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GOP Pans Democratic Energy Bill

House GOP leaders continued their assault Friday on Democrats for failing to advance an energy bill this week and questioned whether they have any intention of doing so.

This week, Democratic leaders “wasted time doing a lot of suspensions and not dealing with this issue,” Minority Leader John Boehner (R-Ohio) said.

Boehner said he was “somewhat pleased” that Democrats appear to be “coming our way” by allowing for some offshore drilling in their energy proposal.

However, their still-developing bill “looks like a hoax” if it doesn’t provide incentives to states to proceed with drilling on their shores, Boehner said.

Democrats spent the week working out kinks in their energy plan, which could hit the floor as early as Tuesday.

The heart of their proposal would allow coastal states to decide whether to opt in for drilling. Because states would not be allowed to share in those revenues, Republicans say states won’t participate and no new energy will come online.

“I’m not sure there’s any real intention to get a bill that could be signed into the law,” Minority Whip Roy Blunt (R-Mo.) said.

Blunt said secondhand sources have told him that Democratic leaders are reassuring their Members not to worry about new drilling ever taking place.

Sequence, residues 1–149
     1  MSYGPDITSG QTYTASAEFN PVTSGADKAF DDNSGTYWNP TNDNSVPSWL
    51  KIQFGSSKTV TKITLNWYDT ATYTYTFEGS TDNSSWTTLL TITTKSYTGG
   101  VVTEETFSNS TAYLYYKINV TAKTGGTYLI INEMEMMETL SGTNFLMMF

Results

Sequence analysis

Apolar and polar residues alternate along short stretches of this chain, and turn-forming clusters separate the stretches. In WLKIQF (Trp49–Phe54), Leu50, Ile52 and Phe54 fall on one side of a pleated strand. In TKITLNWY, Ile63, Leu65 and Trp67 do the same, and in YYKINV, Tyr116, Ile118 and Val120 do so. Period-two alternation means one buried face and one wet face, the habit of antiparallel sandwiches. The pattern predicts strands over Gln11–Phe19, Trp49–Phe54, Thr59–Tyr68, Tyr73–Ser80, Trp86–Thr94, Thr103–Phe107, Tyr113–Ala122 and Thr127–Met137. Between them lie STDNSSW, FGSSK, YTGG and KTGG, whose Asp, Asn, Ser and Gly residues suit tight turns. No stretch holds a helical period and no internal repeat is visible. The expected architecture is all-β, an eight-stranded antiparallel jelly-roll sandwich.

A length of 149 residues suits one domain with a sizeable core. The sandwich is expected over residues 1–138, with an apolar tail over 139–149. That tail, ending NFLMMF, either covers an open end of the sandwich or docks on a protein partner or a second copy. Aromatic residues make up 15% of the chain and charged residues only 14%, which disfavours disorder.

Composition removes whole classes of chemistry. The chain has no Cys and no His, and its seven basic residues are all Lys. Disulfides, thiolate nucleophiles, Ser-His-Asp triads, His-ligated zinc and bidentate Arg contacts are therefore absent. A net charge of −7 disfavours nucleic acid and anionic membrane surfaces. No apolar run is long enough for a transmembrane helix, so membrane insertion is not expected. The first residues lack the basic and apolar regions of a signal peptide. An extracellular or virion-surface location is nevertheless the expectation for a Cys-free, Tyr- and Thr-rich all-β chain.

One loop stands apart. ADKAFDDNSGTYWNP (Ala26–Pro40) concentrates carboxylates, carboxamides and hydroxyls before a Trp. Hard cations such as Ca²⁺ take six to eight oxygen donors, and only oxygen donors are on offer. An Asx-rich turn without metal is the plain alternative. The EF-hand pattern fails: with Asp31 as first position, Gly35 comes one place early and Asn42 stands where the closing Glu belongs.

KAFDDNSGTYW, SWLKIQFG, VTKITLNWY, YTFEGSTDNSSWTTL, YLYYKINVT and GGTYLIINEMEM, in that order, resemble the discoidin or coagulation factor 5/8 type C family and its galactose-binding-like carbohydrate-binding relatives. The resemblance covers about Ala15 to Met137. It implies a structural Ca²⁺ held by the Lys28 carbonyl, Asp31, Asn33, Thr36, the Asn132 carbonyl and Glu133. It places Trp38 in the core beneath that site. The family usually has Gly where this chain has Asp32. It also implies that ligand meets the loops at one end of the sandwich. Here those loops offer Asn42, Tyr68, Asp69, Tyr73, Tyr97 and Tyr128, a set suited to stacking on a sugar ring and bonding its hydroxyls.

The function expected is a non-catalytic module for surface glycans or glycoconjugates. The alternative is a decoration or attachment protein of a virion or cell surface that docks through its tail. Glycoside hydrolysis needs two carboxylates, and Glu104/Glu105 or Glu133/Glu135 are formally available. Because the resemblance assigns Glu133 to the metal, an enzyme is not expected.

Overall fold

According to his sources, top Democrats are telling their Members, “Look, this is never going to happen, so it’s better than a moratorium,” Blunt said. “It looks like we’re allowing something that we’re not allowing.”

Democratic leaders again dismissed the GOP attacks as partisan play.

“Republicans have a clear choice: They can join with Democrats in supporting comprehensive energy legislation to help American taxpayers and consumers or they can side with Big Oil and continue their ‘drill-only’ talkathon,” said Drew Hammill, spokesman for Speaker Nancy Pelosi (D-Calif.).

“Democrats have brought forward a strong compromise energy bill and we urge Republicans to join us to create good paying American jobs and increase our energy independence,” Hammill said.

A band of Republicans continued its energy protest, albeit in the dark and without microphones. Their protest is expected to continue into the afternoon.

About 80 tourists sat in Members’ seats as Republicans including Chief Deputy Minority Whip Eric Cantor (Va.) and Rep. Dan Lungren (Calif.) touted their energy proposal, which seeks far more extensive drilling than Democrats will support.